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Joining the Disability Rights Movement

One of the best moves the neurodiversity movement can make, I think, is probably to identify itself firmly with the disability rights movement.

There are many fellow students with various kinds of disabilities at my school; and when I talk to them, I find a huge amount of common ground. They have experiences that are very similar to mine, both sociologically and in terms of the emotional experiences that tend to come with disability, such as the need to outperform non-disabled people to prove your worth, or the experience of being underestimated and told you "can't" do something by someone who has no idea how creative disabled people can get, or even the experience of social ostracism because you seem odd. Not all physical disabilities are obvious; some are invisible. The experience of "playing normal" is common to both groups, even among people whose disabilities are visible.

One obstacle to this alliance is the idea that many autistic people have that they're "not disabled". But that's not true--not in the sense that is most important to the disability rights movement. If you can be diagnosed with autism, you have what's called significant impairment--that is, you've got to either work harder, do things a different way, or get someone else's help to do things that are expected from a typical member of your society. In most cases, though, you can do those things.

The biggest obstacle holding you back isn't that you're autistic; it's the fact that society isn't set up in a way that makes your particular communication style and cognitive traits the ideal arrangement.

And that's what a disability is. It's a mismatch between what you can do, or how you do it, and what society is set up to fit.

I know a lot of times autistic people say they're not disabled because they're good at things. That's buying into a disability stereotype--the idea that disabled people can't be good at things. But, of course, they can. I spent many of my teen years fascinated with physics and in love with the books written by Stephen Hawking. Does his skill as an eminent physicist mean he's not disabled? (Hawking retired recently... *sigh* But he's in his seventies now, so I guess we can't very well demand he keep working so we can get more black-hole theories and books that explain high-level physics to average, if somewhat nerdy, high-school students.)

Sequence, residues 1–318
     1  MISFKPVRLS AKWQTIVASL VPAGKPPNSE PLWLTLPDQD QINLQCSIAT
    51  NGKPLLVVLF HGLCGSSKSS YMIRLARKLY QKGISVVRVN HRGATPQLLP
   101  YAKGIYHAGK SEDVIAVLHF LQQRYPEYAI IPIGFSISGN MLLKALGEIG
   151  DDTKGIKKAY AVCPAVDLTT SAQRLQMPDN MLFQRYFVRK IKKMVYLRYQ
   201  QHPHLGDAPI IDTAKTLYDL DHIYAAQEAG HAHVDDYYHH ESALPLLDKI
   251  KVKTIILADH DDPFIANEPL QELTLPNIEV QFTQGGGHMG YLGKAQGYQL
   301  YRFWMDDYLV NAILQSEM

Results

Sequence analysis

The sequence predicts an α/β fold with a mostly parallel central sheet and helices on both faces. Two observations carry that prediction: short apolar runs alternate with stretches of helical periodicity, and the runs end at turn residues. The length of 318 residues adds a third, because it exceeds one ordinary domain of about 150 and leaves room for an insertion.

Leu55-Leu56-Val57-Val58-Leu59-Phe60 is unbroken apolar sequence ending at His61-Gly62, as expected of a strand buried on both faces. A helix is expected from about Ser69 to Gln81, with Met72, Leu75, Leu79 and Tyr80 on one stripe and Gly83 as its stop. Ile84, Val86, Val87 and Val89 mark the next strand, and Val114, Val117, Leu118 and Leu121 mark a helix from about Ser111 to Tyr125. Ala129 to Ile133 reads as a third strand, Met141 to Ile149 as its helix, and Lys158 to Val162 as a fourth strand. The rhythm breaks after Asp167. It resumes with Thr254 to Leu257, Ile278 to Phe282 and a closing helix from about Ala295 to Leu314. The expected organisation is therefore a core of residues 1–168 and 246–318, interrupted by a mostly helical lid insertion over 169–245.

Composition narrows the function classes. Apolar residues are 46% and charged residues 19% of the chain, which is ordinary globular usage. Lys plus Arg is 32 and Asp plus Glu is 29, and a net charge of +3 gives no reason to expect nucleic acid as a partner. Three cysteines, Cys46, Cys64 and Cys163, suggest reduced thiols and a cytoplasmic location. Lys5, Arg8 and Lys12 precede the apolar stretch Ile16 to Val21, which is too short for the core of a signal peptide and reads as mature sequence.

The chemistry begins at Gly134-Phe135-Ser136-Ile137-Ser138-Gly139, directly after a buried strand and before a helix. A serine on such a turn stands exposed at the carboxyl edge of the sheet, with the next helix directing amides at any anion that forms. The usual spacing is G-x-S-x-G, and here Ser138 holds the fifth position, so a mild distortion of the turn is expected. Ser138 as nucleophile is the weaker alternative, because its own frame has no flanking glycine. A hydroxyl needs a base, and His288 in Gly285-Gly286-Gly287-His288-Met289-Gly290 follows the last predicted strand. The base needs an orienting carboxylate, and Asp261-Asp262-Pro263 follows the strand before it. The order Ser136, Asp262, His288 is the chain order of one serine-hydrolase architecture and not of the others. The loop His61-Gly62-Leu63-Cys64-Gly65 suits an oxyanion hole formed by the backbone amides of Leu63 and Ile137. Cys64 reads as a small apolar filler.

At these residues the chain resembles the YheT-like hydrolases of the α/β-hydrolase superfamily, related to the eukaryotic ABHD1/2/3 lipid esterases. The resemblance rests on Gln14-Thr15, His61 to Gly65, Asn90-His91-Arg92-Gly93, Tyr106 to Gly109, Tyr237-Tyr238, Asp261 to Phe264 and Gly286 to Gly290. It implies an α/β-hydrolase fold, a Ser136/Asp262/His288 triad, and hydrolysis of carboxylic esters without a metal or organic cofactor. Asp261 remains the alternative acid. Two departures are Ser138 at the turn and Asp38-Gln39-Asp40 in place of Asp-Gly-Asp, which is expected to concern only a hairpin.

Disability, basically, is defined by society. If everybody in the world used a wheelchair, then people who used wheelchairs wouldn't be disabled. If everyone in the world were deaf, then deafness wouldn't be a disability. If everyone in the world used telepathy, then not being telepathic would be a disability.

The idea that you're "not disabled" probably comes from a fundamental assumption that disabled people cannot do things they want to do; that disability is inherently negative and makes you inferior; or that disability can only ever create impairments, never advantages. Well, get yourself a realistic idea of disability, and not only will it seem silly to claim you're "not disabled", but you'll realize that disability is neither something to be ashamed of, nor a concept to distance yourself from.

(I need to make an exception here for the people using "disabled" to mean simply "unable to work at a profitable full-time job". If you are using it in that sense, then it excludes most autistic people, as well as most physically and cognitively disabled people. I am talking about disability in terms of the social concept.)

Autistic people are, as a rule, anywhere from mildly to profoundly disabled. Disability can be very mild; it can just be a matter of having to try harder than most people and rest more often. But we have this in common with physically disabled people, too: Someone with mild CP, for example, may walk as quickly as most people, but tire after only a mile instead of five to ten miles as most people would. We have, in fact, so much in common with people with all sorts of disabilities--from the communication issues faced by people with hearing or speech impairments, to the social distance created by interacting with someone who is obviously different, to the issues related to services and accommodations and workplace politics that often make it harder to get a job.